Councillors vote to discontinue expensive tax break for owners of vacant commercial property

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Last year the provincial program cost the city $17 million.

Haley Ritchie, Metro

City councillors voted today to end a property-tax break enjoyed by landlords whose buildings have vacancies.

Last year commercial and industrial property owners in Ottawa submitted 920 applications for the rebate. The cost to municipal taxpayers was $17 million.

City staff had recommended that the program, which until recently was mandated by the Ontario government, be phased out over three years in order to give property owners time to adjust.

At Tuesday's meeting of the city’s finance and economic development committee, however, councillors voted to end the rebate program in 2018.

Property owners who benefit from the program were disappointed.

Dean Karakasi, representing the Building Owners and Managers Association, said the change “will have a negative impact on industry.”

Karakasi said property owners are struggling because of federal-government cutbacks and the ongoing rise of online retailers, whose businesses require relatively little commercial space.

“This is not a good time in terms of industry,” said Karakasi. “This was a nice partnership with the city in terms of transitioning space.”

Several people presenting to the committee expressed hope that the end of the program will motivate landlords to find tenants for vacant properties.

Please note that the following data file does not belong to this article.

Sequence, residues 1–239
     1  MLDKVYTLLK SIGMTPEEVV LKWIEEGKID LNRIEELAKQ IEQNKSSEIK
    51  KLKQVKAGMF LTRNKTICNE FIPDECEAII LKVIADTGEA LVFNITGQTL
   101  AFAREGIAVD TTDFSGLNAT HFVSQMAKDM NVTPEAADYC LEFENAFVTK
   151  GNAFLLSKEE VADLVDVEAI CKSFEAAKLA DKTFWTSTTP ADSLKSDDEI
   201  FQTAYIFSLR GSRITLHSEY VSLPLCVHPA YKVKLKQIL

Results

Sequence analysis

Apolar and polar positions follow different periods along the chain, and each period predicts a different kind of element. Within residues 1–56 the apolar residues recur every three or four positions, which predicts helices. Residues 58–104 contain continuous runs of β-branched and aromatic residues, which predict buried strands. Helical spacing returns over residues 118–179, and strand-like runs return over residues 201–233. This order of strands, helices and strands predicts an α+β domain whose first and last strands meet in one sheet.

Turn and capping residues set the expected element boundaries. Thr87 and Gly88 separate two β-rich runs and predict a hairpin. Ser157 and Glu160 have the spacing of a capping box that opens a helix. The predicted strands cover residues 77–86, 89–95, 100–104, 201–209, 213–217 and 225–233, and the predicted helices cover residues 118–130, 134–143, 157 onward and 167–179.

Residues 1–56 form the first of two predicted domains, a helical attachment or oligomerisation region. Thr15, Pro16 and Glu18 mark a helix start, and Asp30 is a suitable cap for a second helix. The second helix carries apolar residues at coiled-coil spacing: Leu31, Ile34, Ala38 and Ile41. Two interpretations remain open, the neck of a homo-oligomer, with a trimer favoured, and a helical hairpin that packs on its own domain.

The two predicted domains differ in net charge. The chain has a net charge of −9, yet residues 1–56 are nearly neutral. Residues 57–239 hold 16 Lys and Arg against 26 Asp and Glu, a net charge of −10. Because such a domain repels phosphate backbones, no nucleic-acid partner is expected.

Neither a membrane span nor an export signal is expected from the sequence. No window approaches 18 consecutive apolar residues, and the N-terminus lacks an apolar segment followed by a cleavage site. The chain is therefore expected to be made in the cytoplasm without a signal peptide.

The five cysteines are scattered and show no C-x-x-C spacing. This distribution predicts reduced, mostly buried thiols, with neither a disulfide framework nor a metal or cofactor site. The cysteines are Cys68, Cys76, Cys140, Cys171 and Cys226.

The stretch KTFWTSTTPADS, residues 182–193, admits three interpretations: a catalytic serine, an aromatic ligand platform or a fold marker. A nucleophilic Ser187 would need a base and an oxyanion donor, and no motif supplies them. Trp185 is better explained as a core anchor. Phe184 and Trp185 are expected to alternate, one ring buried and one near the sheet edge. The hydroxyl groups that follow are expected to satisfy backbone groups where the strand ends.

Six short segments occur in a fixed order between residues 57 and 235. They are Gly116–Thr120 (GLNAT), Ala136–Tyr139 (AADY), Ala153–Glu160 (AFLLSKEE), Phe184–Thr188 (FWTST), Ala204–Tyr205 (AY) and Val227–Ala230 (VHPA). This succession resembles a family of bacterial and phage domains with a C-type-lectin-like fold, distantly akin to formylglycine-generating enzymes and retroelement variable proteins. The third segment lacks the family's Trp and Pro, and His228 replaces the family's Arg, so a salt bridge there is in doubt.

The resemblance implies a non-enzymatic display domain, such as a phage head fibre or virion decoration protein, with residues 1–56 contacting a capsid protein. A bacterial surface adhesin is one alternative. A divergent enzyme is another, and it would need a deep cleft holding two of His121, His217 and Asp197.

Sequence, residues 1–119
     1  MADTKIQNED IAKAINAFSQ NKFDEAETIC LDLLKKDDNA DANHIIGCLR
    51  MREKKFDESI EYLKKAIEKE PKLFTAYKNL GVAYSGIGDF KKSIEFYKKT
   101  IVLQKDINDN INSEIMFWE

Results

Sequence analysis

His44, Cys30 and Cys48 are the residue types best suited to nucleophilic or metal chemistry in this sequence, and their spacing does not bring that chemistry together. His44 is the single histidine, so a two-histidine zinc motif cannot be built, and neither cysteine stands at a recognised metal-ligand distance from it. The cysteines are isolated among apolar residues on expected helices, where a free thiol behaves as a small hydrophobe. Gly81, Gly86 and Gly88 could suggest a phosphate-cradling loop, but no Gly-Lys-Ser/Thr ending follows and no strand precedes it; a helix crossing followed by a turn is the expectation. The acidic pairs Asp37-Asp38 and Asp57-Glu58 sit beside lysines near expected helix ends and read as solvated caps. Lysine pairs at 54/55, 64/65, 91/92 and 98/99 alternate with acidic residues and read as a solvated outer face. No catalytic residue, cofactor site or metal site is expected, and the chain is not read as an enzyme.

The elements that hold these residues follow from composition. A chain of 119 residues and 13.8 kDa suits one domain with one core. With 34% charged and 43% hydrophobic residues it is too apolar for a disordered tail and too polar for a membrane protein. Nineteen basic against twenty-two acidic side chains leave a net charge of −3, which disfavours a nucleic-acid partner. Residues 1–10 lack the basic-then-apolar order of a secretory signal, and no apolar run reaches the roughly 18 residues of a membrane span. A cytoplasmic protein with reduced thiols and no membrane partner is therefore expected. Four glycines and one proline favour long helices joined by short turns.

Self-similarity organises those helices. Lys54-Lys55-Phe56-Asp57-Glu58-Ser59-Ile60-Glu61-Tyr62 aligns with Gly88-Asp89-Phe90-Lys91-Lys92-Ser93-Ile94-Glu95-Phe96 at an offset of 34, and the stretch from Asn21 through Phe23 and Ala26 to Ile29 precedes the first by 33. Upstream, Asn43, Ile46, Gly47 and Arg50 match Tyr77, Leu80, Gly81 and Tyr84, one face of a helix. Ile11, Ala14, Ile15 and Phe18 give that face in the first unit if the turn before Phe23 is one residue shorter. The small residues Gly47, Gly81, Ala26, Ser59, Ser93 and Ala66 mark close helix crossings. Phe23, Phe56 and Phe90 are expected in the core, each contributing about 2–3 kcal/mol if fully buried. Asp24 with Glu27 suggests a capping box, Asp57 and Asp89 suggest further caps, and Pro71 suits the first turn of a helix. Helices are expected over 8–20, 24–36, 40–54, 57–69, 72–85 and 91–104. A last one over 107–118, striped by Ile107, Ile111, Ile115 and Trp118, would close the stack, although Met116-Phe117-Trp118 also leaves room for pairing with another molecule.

Coun. David Chernushenko said landlords in some areas are being too choosy with tenants, to the “overall detriment to the street health of the retail environment.”

Karakasi said the idea that landlords are forgoing leases so as to realize a 30 per cent of their tax break is “absurd.”

“It may happen, there may be examples, but we can’t quantify them,” he said. “But, overall, why would anybody want to pay a dollar so they get 30 cents back?”

Other Ontario municipalities, including Toronto and Prince Edward County, plan to cut the rebate program as well.

The final decision on the program will be made at city council on May 10.

Ottawa finance committee votes to kill vacancy rebate over two years

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Jon Willing, Ottawa Citizen

The finance and economic development committee voted Tuesday to accelerate the cancellation of a commercial and industrial vacancy rebate beyond what the city treasury department recommends.